What will happen at my first visit?
At your first visit, Dr. Gaw will review your dental and medical history. We will also take any x-rays that are necessary. If you think you have recent x-rays taken by another dentist, you may request that your x-rays and files be forwarded to our office prior to your first appointment. Dr. Gaw will evaluate each tooth, your gums and the supporting bone. In most cases we will be able to clean your teeth at the first visit. Please bring your dental insurance card if you have one.
What will my insurance cover?
Dental insurance is different from medical insurance in that it pays for a percentage of most procedures. Typically, your insurance will pay 100% of the cleaning, exam, and x-ray fees. Most insurance plans will pay 80% of the fees for a filling and 50% of the fees for a crown after your deductible is met. Another difference between medical and dental insurance is that dental plans have a maximum coverage per year between $1000 and $2000. If you have questions regarding your insurance plan, we will be happy to help you find what your insurance will cover.
Will I be reminded of my appointments?
Yes. We will send you a postcard in the mail approximately 2 weeks before your cleaning appointment. In addition, you will receive a call a day or two before an appointment. If your appointment is for dental work, you will also receive a call a day or two before your appointment. Please give us at least 2 days notice if you will not be able to come at the appointed time. We reserve this time exclusively for you.
Should I have tooth colored fillings or silver fillings?
Dr. Gaw has been placing tooth colored fillings for over 30 years. Tooth colored (composite) fillings are bonded to the tooth by placing a series of bonding agents on the tooth before placing the composite. This material eliminates the risk for bacteria to grow between the silver filling and the tooth which can cause additional decay. Silver colored fillings do typically last longer and are stronger. Dr. Gaw will be happy to discuss which filling material is best for you.
If periodontal disease is such a problem, why doesn’t it hurt?
This is a very good question. Periodontal problems can become extremely advanced without experiencing any pain. That is why it is so important to be attentive to the warning signs of periodontal disease: bleeding gums when brushing or flossing, swollen or receded gums, teeth changing position, or pus or swelling around the gum tissue.
What are dental sealants and can everyone benefit from them?
Sealants are a thin plastic coating applied to the biting surface of back teeth to help prevent tooth decay. Without sealants, plaque remains in the pits and grooves of “hard to reach” teeth and eventually cause a cavity. Sealants cannot be seen when you talk or smile. They help prevent cavities but only good home care and limiting sweets,colas and snacks can prevent all decay. They are beneficial for both adults and children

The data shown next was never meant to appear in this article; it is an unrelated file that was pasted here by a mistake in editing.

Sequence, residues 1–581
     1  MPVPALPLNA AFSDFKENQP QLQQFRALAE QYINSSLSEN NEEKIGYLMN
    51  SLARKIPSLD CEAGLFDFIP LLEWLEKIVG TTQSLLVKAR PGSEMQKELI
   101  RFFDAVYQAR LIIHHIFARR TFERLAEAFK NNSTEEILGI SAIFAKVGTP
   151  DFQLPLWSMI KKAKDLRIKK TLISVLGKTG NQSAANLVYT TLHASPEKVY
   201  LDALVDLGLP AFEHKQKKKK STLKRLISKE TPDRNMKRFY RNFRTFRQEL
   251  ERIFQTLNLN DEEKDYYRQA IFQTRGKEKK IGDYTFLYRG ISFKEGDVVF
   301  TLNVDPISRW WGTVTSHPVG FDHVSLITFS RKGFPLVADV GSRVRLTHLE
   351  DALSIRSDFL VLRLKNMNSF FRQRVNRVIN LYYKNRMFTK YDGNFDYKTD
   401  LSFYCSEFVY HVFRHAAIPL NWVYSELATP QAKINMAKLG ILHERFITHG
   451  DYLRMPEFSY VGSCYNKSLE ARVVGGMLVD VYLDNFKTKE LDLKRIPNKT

I have a temporary crown that has broken or come off. What should I do?
If your temporary crown breaks or comes off preserve it as best as you can and contact our office. If you are unable to make an appointment to have us re-cement this temporary crown, you may use a small amount of a denture adhesive to hold it on until you can make it in.
Why are my teeth worth saving?
When faced with a diseased tooth, most patients automatically think it has to be removed. With the modern procedures available now, this is no longer the only option. Even though extractions may seem like a quick, inexpensive option, actually, it is more expensive and time consuming in the long run. A missing tooth may cause drifting of other teeth, misaligned teeth and other future dental problems.
When do I need a crown?
A crown is needed when a tooth is not strong enough to be viable on its own. A cracked tooth may need a crown to hold the sides together and prevent the crack from going into the nerve. A tooth that has had a root canal needs a crown because after a root canal, the tooth becomes brittle and is more likely to break
What is a root canal and why do I need one?
During a root canal, we remove all of the decay and the nerve of the tooth. It is replaced with filler in the root of the tooth, and then is supported with a permanent filling material. Patients need root canals when they let a cavity get so deep that it infects the nerve of the tooth or if a tooth is broken and the pulp, or nerve, of the tooth is exposed. Once the nerve tissue is exposed to bacteria, it must be removed because it causes an abscess. Abcesses are usually painful with varying amounts of swelling and antibiotics need to be taken to get the infection under control before having a root canal.
What kind of toothbrush should I use?
Always use a soft bristled toothbrush with toothpaste that contains fluoride. Make sure that the tooth brush is able to easily reach all areas in your mouth.
How do I know if I have gingivitis?
The only sure way to know if you have gingivitis is to consult your dentist and have regular checkups. If your gums bleed when you brush, you very possibly have gingivitis. Most people who have gingivitis are unaware due to the absence of symptoms.
What causes tooth decay?
Frequently exposing your teeth to foods containing carbohydrates such as sugars and starches (soda, candy, baked goods) can cause tooth decay. Combined with not brushing and flossing properly, the probability of tooth decay highly increases.
How can I prevent cavities?
Good oral hygiene is the sure fire way of preventing cavities. Brushing your teeth properly helps remove bacteria that causes cavities. Flossing should also be done to reach those areas not able to be reached by your toothbrush. You should brush and floss at least twice a day, and visit your dentist every six months.